Alexander Maclaren: This wonderfully beautiful scene ends with the kiss of full reconciliation and frank communion. All the fear is out of the brothers’ hearts. It has washed away all the envy along with it. The history of Jacob’s household had hitherto been full of sins against family life. Now, at last, they taste the sweetness of fraternal love. Joseph, against whom they had sinned, takes the initiative, flinging himself with tears on the neck of Benjamin, his own mother’s son, nearer to him than all the others, crowding his pent-up love in one long kiss. Then, with less of passionate affection, but more of pardoning love, he kisses his contrite brothers. The offender is ever less ready to show love than the offended. The first step towards reconciliation, whether of man with man or of man with God, comes from the aggrieved. We always hate those whom we have harmed; and if enmity were ended only by the advances of the wrong-doer, it would be perpetual. The injured has the prerogative of praying the injurer to be reconciled. So was it in Pharaoh’s throne-room on that long past day; so is it still in the audience chamber of heaven. ‘He that might the vantage best have took found out the remedy.’ ‘We love Him, because He first loved us.’

2. (:15) With His other Brothers

“And he kissed all his brothers and wept on them,

and afterward his brothers talked with him.”

Constable: Joseph then embraced Benjamin and all his brothers to express his love and to confirm his forgiveness (Genesis 45:14-15). The writer highlighted the genuine reconciliation between Joseph and his brothers by recording that they talked with him (Genesis 45:15). Much earlier they could not speak to him (Genesis 37:4). After a threefold expression of Joseph’s goodwill toward his siblings (weeping, explaining, and embracing), the shocked and fearful brothers gained the courage to speak. They now recognized Joseph as the one they had so cruelly abused and who was now able to crush them if he chose to do so.

Outstanding in this section is the way in which Joseph’s perception of God’s ways made him gracious, forgiving, and accepting rather than bitter and vindictive. He saw the loving hand of his God behind the cruelty of his brothers. He had accepted all that had come to him as the will of God, and therefore he experienced the blessing of God. Reconciliation is possible when there is forgiveness, and forgiveness is possible when there is recognition of God’s sovereignty.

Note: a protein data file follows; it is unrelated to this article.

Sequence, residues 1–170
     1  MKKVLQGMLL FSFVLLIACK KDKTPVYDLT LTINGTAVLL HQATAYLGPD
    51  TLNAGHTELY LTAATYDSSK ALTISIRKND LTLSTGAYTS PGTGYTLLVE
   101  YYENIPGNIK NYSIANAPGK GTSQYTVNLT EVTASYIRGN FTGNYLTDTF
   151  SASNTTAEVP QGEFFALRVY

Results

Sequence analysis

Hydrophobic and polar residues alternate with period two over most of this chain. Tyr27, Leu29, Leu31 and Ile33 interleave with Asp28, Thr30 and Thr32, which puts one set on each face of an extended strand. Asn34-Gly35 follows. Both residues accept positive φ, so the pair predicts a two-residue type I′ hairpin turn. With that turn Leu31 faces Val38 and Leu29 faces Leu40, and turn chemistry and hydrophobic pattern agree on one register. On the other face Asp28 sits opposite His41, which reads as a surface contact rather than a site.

A. (:16-20) Blessing Ordered

1. (:16) Pharaoh’s Blessing

“Now when the news was heard in Pharaoh’s house that Joseph’s brothers had come, it pleased Pharaoh and his servants.”

Did not look at providing for this additional large household as a burden, but rather a blessing and a privilege.

2. (:17-20) Pharaoh’s Charge to Joseph

“Then Pharaoh said to Joseph, ‘Say to your brothers, Do this: load your beasts and go to the land of Canaan, and take your father and your households and come to me, and I will give you the best of the land of Egypt and you shall eat the fat of the land. Now you are ordered, ‘Do this: take wagons from the land of Egypt for your little ones and for your wives, and bring your father and come. And do not concern yourselves with your goods, for the best of all the land of Egypt is yours.”

God gives us of the abundance of His riches in unexpected ways;

Do we give our best to God?

Why should we be anxious for material provisions – certainly our God is a better provider than Pharaoh.

Constable: Goshen (a Semitic rather than an Egyptian name) was the most fertile part of Egypt (cf. Genesis 45:18). It lay in the delta region northeast of the Egyptian capital, Memphis.

B. (:21-24) Charge Obeyed